Food & Wine Classic: Through the lens of a millennial
Special to The Aspen Times
We all know of the glamour of Food & Wine. We admire the luminaries, the pricey admission passes and the limitless amounts of food and booze that rest at our fingertips at every event for the three-plus days that are known to kick off summer in Aspen.
We relish the perfectly seared foie gras, the buttery roe smeared over a thin slice of Serrano ham and the decadent, unpasteurized cheeses that often accumulate so much mold they can barely be categorized in the dairy food group any longer.
All of the offerings at the Food & Wine Classic are luxurious, to say the least. But many of us who fall into the “millennial” age group haven’t been living long enough to really grasp just how special some of the events, chefs, drinks and dishes at the Classic are in the foodie world. And, additionally, how lucky we are to have these opportunities in a small town that is home to only about 6,000 people in the shoulder season.
I had very little knowledge about culinary delicacies when I first moved to Aspen 3 1/2 years ago. I knew the Food & Wine Classic was the party of the year, a time for limitless booze and rich tastings of food. The Grand Tasting Tent felt like the major leagues I’d been training for in my college years. I first gained access to it by volunteering. I cleaned up food scraps, napkins and cups for two days straight in the Grand Tasting Tent. As my reward, I got to spend the third day as a guest. My strategy was the traditional “down the hatch” approach. Anything and everything I could get my hands on I consumed. Details fell by the wayside in a conscious attempt at pure gluttony. I don’t want to speak for my fellow millennials, but I would guess many of them had a similar first experience at the Classic. It’s like being a kid in a candy store.
The next year I worked with 7X Beef. The company had a large booth in the Grand Tasting Tent. This gave me a chance to understand the work that went into the event. It also gave me the opportunity to talk with serious foodies and industry notables who, while enjoying the intoxicating tendencies of the Classic, were there to experience dishes that were helping to shape the dining scene across the country.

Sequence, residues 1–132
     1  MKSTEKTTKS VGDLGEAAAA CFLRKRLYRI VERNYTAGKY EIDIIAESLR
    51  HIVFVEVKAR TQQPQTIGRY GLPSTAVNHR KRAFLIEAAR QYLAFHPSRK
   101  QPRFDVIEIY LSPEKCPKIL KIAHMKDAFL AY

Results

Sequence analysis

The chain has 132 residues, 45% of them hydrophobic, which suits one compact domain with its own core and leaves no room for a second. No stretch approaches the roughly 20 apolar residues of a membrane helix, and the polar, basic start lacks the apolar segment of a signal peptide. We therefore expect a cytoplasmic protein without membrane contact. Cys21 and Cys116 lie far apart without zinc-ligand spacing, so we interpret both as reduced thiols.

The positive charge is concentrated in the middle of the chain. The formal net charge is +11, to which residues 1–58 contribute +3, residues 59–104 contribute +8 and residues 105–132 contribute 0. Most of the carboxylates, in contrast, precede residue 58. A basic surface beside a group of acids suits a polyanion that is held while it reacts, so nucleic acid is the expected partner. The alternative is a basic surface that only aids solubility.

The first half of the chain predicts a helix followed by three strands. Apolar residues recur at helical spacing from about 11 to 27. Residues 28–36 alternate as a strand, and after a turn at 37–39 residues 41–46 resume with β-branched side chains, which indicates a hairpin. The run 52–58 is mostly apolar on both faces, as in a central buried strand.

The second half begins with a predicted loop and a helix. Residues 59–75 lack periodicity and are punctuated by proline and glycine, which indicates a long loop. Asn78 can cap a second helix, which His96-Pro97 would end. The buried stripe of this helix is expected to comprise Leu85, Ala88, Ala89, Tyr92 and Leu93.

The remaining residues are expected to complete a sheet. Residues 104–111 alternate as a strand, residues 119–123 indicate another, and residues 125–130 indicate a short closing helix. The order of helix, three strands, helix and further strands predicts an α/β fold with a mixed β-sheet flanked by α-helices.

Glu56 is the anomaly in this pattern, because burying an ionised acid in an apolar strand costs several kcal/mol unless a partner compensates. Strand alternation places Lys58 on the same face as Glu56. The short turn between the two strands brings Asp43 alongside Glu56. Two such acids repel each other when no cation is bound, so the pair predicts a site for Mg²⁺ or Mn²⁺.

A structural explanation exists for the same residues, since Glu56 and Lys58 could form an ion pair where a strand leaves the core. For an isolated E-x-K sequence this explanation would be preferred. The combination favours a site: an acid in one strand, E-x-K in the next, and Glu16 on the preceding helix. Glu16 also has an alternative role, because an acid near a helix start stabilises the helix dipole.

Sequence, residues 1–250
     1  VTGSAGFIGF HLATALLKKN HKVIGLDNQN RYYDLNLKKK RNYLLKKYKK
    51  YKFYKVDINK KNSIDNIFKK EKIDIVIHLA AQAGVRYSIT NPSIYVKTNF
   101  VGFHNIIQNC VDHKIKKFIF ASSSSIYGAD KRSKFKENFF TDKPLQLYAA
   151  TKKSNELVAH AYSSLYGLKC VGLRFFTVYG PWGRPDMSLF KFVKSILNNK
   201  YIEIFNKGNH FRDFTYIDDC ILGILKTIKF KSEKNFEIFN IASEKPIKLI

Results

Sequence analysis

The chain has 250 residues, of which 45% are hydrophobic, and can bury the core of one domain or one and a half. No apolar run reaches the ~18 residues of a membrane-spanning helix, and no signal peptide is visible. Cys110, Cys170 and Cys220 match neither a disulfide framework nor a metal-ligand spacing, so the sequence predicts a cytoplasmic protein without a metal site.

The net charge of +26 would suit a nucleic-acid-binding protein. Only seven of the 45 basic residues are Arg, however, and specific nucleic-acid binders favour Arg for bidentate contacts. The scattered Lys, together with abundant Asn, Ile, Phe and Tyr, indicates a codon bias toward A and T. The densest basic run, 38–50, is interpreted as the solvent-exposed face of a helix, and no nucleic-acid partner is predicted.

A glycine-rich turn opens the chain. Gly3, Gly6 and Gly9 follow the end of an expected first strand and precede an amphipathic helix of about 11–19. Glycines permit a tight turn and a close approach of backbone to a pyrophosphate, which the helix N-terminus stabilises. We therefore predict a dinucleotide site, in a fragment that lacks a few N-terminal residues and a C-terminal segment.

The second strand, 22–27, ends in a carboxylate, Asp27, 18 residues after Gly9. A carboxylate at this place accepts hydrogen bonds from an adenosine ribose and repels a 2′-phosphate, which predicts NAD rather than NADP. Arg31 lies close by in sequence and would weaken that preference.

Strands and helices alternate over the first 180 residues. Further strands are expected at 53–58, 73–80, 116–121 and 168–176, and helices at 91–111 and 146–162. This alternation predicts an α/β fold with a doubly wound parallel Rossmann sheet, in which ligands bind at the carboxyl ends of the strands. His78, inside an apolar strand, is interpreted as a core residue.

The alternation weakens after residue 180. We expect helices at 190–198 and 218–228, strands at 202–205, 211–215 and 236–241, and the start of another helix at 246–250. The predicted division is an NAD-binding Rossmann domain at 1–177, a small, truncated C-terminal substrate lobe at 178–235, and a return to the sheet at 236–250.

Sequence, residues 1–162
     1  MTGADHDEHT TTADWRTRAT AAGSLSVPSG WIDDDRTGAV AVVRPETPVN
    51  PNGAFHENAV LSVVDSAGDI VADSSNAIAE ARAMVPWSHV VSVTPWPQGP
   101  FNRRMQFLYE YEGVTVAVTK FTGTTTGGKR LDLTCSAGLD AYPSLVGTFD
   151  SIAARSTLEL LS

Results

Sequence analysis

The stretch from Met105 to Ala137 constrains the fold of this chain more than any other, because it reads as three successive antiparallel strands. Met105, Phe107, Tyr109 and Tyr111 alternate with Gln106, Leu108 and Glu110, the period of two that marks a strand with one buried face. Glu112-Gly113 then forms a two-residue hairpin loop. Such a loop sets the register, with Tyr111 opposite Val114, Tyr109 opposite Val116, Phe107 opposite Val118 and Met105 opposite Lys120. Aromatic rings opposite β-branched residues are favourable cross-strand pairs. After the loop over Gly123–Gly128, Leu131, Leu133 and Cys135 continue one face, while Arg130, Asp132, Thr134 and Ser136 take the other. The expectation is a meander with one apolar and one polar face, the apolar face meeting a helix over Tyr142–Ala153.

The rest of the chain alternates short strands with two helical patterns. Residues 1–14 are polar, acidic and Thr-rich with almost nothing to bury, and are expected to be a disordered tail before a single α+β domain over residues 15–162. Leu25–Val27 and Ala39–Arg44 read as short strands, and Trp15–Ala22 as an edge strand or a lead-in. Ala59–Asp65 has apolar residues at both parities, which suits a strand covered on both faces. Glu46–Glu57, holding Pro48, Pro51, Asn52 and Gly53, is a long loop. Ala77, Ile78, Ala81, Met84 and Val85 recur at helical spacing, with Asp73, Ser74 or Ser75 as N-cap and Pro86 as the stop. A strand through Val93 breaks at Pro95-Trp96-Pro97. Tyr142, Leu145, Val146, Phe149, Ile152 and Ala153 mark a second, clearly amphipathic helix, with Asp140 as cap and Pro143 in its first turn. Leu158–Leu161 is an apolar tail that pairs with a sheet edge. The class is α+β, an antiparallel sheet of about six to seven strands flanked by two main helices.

By the third year (2015), I had a media pass and was ready to learn. I experienced wine pairings with cheese guru Laura Werlin and
got to watch famous chefs Andrew Zimmern and Carla Hall compete in a cook-off. Even outside of the Food & Wine magazine events, there was plenty to see. I learned about whole-animal grilling at Heritage Fire and the immense amount of foods that go with pork at the Grand Cochon.
Now, in my fourth year at the Food & Wine Classic, I feel it’s best to share some of my experiences with the first-timers and anyone else who has cared to read up until this point. This is a weekend unlike any other. Although it’s a breeding ground for debauchery, it’s also a foodie’s haven and a chance to witness the forefront of food trends.
In conclusion, for the millennials during the Classic weekend, although this could and probably will be the most indulgent weekend of your life to date, try to pause from time to time and learn about what it is you’re ingesting. Take a note or two, research a favorite winery, or try out a recipe after the fact. Most of all, remember to appreciate the culinary opportunity in front of you. And, for our predecessors, please be patient with our entitled tendencies and our flagrant disregard for sobriety. We will learn — eventually.
Given the United States is in the throes of a constitutional crisis, now isn’t the time for debates over who’s pictured on American currency and who’s memorialized with a statue on public property, two prominent historians told an audience in Aspen on Saturday night.
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